At the end of the Cal Poly football team’s last practice of the season Thursday, Mustangs head coach Tim Walsh had his regulars either watching or refereeing while the scout teams dueled at Alex G. Spanos Stadium.
One of the things Walsh wanted his starters to focus on was the youthful enthusiasm shown by the first- and second-year players when they finally got their chance to go full speed in the real-game venue.
The scrimmage resurrected a training camp feel — one where an 0-5 road record, a penchant for second-half swoons and a current three-game losing streak didn’t seem nearly as important as driving a teammate mercilessly into the ground in front of coaches.
The collection of redshirts had little use for Cal Poly’s current state of affairs as the Mustangs (4-6) head to Weber State (6-4) for today’s season finale. All the downers about this season couldn’t possibly weigh on them when playing time for next season was potentially at stake.
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Walsh was hoping the reckless abandon would be contagious and motivate a team that seemingly has just one goal left to play for: Spoiling the playoff hopes of the Wildcats one season after Weber State was a source of tears for arguably the best Mustangs team in program history.
And it seemed to be working.
“It takes a lot of the pressure off because nothing to lose,” junior receiver Dominique Johnson said. “We can just come out and play football just because we love the game, and that’s what it’s about now, having fun and just being enthusiastic.
“We have a chance to spoil their season just like they did to Cal Poly last year.”
Johnson — a national offensive player of the week honoree after he caught 13 passes for 273 yards and five touchdowns last week, all career highs — was still at UCLA this time last year, but he’s seen last season’s game film.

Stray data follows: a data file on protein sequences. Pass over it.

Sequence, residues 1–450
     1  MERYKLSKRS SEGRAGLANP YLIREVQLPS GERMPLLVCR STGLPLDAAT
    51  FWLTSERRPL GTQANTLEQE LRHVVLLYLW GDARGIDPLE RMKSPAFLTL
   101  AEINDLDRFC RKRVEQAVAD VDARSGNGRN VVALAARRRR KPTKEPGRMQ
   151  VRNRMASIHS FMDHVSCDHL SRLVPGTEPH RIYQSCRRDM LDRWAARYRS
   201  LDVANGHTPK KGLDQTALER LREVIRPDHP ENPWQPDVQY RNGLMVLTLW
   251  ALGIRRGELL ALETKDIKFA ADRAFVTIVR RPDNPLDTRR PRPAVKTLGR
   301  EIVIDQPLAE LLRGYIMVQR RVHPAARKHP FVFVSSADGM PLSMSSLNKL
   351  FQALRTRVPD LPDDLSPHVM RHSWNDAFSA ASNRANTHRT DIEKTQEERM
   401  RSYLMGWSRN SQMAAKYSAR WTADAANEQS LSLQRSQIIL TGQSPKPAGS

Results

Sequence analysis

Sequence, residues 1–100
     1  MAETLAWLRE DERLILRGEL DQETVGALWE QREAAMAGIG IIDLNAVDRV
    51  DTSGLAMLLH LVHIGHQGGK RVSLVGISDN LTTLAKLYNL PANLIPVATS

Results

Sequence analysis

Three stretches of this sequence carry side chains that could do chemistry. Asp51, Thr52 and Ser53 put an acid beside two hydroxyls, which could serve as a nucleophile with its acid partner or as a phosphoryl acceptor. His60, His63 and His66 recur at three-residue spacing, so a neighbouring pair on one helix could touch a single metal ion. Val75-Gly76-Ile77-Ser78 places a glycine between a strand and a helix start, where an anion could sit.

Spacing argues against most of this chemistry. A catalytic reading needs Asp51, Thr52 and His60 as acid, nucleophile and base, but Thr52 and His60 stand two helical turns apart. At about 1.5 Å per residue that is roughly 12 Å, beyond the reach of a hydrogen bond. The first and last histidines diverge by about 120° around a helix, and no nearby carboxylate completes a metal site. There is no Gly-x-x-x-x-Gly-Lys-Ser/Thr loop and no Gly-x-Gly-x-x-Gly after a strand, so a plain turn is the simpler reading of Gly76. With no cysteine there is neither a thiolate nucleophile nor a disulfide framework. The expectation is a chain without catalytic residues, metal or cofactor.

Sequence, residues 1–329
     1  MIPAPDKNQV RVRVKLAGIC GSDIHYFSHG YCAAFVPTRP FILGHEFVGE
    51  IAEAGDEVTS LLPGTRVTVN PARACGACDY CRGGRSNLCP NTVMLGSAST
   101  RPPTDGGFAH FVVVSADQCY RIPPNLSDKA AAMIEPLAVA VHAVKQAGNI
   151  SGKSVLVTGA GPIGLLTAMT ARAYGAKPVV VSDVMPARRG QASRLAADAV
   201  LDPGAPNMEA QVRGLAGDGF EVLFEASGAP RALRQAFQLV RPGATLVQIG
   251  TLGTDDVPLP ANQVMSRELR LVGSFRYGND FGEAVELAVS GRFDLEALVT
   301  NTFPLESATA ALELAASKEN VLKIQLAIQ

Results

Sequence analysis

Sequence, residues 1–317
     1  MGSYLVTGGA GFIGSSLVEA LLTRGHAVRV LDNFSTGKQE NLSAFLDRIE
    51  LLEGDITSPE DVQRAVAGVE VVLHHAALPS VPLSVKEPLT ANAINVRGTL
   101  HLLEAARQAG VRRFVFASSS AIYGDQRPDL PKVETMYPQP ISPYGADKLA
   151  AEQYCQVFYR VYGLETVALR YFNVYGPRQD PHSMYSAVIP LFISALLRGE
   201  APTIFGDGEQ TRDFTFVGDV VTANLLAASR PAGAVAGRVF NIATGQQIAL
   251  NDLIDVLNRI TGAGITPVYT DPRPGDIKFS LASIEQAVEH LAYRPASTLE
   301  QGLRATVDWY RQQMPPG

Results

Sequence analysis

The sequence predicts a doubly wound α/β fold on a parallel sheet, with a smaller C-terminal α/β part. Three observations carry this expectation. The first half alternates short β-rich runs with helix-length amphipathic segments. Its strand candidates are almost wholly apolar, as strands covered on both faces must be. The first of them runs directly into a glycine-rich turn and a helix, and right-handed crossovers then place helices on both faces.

Led by an unstoppable record-breaking offense looking to make a deep playoff run and coming off a near upset at Wisconsin, Cal Poly was shocked when the Wildcats stormed to a 49-35 victory in the first Division I home playoff game in Mustangs history.
That game ended the careers of a dream team of sorts, including future NFL receiver Ramses Barden, four-year starters James Noble, Stephen Field and Tre’dale Tolver and second-year transfers Ryan Mole and Jonathan Dally.
Now, Cal Poly has a chance to do something similar.
No. 19 Weber State is hanging on to slim playoff hopes.
The Wildcats are second in the Big Sky Conference behind No. 3 Montana (10-0). They have four losses, but they’ve also come close to upsetting two Football Bowl Subdivision opponents, losing by one at Colorado State and by six at Wyoming.
This game could determine whether Weber State is awarded an at-large berth to the 16-team FCS playoff bracket.
“I think we should,” Wildcats coach Ron McBride said. “I don’t think there’s any question because of the difficulty of our schedule, number one. I think we probably had the second most difficult schedule,” in the FCS.
But Cal Poly could end all of that optimism with a victory, one that would keep Weber State from securing the minimum seven Division I wins strongly recommended by the NCAA for at-large playoff consideration.
“They feel like if they win, they’ll have a really good chance,” Walsh said. “I think they feel like they probably need to win significantly.“My hope is Cal Poly has more points than Weber State has (today).”
That will be a big challenge for a team that just gave up 50 points to an effective passing team last week. The Mustangs could not stop South Dakota on the Coyotes’ first eight drives in Cal Poly’s two-point loss at home.
The Wildcats’ offense is off the pace of last year’s team, which ranked seventh in the FCS in total offense, but Weber State returns several key players who were huge in the win over Cal Poly last season.
Running back Trevyn Smith rushed for 137 yards and scored three touchdowns against the Mustangs, and receiver Tim Toone caught a game-high 10 passes for 199 yards and a touchdown. Quarterback Cameron Higgins passed for 399 yards and a touchdown and ran for another score.
The key could be Higgins. He hasn’t shown a desire to run, but if he gets time in the pocket or spots a weakness in Cal Poly’s pass defense, he’ll likely find a way to move the ball.
“If you get a quarterback that sits back there and for a while, then it’s kind of hard, the coverage kind of breaks down,” Mustangs senior safety David Fullerton said. “But if you can’t cover anyone, obviously, you’ve got nothing. We’ve got the guys to do it. We’ve done it before. We’ve had great games. We’ve shut people down to 14 points. We just have to put it all together.”